Proteus Digital Health, the ingestible sensor company that raised $45 million in May -- the largest funding raise in digital health this year so far -- has published the results of a small clinical trial in a peer-reviewed journal. The study of 27 adults with bipolar disorder or schizophrenia found that the addition of an ingestible sensor to their regiment led to 67 percent of patients taking their medication within 2 hours of their designated time. The mean adherence rate was 74 percent.
The study, which was published recently in the Journal of Clinical Psychiatry as an online exclusive, was conducted over four weeks in May 2011. Along with Proteus, Massachusetts General Hospital and the Zucker Hillside Hospital were collaborators.
The main purpose of the study was to test the accuracy of Proteus's digital health feedback system, which includes the ingestible sensor pill, a patch and a mobile app. Compared to tracking adherence by observation, the ingestible sensors tracked adherence with 94 percent accuracy.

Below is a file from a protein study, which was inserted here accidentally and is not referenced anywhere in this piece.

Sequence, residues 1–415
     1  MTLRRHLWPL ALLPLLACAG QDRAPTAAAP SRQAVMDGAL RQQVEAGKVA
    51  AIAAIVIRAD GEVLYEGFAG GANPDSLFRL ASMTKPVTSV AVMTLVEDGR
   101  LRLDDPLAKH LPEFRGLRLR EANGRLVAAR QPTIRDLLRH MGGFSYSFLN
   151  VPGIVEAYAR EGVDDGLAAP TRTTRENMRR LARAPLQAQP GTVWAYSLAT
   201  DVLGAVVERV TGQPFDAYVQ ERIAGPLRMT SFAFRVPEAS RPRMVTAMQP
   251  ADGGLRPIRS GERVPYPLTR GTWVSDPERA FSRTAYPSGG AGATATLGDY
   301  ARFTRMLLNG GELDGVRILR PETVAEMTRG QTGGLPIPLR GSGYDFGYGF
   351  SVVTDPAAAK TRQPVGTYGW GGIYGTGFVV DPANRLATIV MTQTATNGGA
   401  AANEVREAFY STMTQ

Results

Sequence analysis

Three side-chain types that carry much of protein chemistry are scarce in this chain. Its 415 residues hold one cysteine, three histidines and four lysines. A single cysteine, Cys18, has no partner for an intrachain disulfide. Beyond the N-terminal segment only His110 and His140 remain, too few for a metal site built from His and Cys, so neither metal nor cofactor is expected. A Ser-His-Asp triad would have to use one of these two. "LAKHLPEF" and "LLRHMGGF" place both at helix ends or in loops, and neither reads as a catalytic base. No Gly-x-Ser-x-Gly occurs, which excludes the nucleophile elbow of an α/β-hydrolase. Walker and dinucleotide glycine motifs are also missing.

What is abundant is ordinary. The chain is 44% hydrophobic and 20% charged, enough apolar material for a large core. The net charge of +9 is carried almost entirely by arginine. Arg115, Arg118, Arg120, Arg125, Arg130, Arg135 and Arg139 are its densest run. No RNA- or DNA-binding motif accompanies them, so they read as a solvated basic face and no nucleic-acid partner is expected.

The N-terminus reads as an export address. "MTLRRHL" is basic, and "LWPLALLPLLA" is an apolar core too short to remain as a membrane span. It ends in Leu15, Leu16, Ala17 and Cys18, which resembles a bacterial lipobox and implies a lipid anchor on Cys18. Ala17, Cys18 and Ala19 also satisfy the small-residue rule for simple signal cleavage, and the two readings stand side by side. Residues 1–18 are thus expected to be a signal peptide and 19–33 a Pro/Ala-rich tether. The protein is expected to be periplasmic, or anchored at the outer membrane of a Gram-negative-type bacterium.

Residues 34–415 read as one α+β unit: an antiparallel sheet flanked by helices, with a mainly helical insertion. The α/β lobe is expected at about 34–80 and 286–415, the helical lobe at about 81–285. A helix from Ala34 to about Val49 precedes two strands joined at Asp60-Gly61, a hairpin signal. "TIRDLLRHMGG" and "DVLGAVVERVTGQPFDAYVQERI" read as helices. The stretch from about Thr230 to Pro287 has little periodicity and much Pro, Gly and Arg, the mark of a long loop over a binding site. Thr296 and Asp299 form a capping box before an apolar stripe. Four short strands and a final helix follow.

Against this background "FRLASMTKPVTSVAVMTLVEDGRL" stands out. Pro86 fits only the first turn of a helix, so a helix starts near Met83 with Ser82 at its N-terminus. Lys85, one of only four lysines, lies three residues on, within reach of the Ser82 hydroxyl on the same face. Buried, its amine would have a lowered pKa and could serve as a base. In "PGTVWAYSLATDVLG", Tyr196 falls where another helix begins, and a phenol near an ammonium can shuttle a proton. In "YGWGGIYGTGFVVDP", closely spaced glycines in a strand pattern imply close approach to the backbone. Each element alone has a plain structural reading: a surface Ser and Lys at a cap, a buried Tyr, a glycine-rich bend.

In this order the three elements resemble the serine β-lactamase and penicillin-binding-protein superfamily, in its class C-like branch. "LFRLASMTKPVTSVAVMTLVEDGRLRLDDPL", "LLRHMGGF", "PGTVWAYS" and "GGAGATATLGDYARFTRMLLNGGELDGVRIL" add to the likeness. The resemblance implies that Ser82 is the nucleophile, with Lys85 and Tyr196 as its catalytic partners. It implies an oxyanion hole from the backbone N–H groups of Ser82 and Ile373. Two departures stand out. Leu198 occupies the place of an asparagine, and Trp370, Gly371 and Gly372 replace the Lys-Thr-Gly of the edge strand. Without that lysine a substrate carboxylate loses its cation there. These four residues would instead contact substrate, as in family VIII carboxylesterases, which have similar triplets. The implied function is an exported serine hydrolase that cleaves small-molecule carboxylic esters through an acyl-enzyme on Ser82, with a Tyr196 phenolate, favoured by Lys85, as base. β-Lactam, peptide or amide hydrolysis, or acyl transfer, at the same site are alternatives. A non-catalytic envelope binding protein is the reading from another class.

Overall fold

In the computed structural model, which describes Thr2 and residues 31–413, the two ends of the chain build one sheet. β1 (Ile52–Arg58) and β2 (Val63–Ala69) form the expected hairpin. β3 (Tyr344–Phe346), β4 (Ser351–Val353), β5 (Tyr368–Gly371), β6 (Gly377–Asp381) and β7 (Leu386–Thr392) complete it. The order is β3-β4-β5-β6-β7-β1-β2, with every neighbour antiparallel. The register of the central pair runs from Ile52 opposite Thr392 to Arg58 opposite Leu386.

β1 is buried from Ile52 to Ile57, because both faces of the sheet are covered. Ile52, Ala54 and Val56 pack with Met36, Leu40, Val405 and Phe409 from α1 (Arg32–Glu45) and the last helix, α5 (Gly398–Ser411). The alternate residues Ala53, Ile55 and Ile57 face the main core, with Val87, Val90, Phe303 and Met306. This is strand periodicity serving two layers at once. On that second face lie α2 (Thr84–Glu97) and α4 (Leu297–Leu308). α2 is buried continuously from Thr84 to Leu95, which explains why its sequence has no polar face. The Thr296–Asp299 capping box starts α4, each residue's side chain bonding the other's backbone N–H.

The feedback system also tracked other statistics about the users including activity and sleep. Activity among the participants ranged from 847 to 15,930 steps per day and subjects slept between 3.2 and 15.2 hours per day. The system also tracked sleep disruption -- the amount patients wake up during the night -- a number that could be very useful in assessing the effectiveness of medication for a condition like schizophrenia, according to the researchers. Mean sleep disruption varied from 5 percent to 43 percent over the course of the study period.
The study affirmed that Proteus's FDA-cleared ingestible pill had few-to-no adverse affects on participants. No subjects had a worsened psychosis because of the pills. Five experienced mild skin irritation due to the patch that transmits the data from the sensor to collection devices, but none dropped out of the study because of it.
Finally, study participants were asked some questions about the digital health feedback system. Nineteen of the 27 participants (70 percent) found the system easy to understand and 24 (89 percent) thought it could be useful to them. Twenty-one (78 percent) expressed interest in having the system send reminders to them via text message if they forgot to take their medication.